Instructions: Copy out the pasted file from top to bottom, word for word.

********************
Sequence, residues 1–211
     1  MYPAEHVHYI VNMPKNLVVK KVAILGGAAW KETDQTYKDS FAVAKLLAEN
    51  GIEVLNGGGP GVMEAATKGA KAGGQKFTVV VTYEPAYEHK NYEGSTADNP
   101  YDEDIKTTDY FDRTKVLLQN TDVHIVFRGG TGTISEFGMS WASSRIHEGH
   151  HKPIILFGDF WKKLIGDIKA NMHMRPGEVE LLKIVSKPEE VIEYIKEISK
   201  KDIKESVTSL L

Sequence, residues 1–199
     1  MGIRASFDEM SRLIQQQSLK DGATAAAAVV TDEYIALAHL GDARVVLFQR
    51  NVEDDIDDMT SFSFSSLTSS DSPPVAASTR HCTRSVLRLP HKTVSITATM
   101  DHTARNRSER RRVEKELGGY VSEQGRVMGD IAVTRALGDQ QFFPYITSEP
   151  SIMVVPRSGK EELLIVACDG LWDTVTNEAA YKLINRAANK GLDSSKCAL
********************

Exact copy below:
Sequence, residues 1–211
     1  MYPAEHVHYI VNMPKNLVVK KVAILGGAAW KETDQTYKDS FAVAKLLAEN
    51  GIEVLNGGGP GVMEAATKGA KAGGQKFTVV VTYEPAYEHK NYEGSTADNP
   101  YDEDIKTTDY FDRTKVLLQN TDVHIVFRGG TGTISEFGMS WASSRIHEGH
   151  HKPIILFGDF WKKLIGDIKA NMHMRPGEVE LLKIVSKPEE VIEYIKEISK
   201  KDIKESVTSL L

Sequence, residues 1–199
     1  MGIRASFDEM SRLIQQQSLK DGATAAAAVV TDEYIALAHL GDARVVLFQR
    51  NVEDDIDDMT SFSFSSLTSS DSPPVAASTR HCTRSVLRLP HKTVSITATM
   101  DHTARNRSER RRVEKELGGY VSEQGRVMGD IAVTRALGDQ QFFPYITSEP
   151  SIMVVPRSGK EELLIVACDG LWDTVTNEAA YKLINRAANK GLDSSKCAL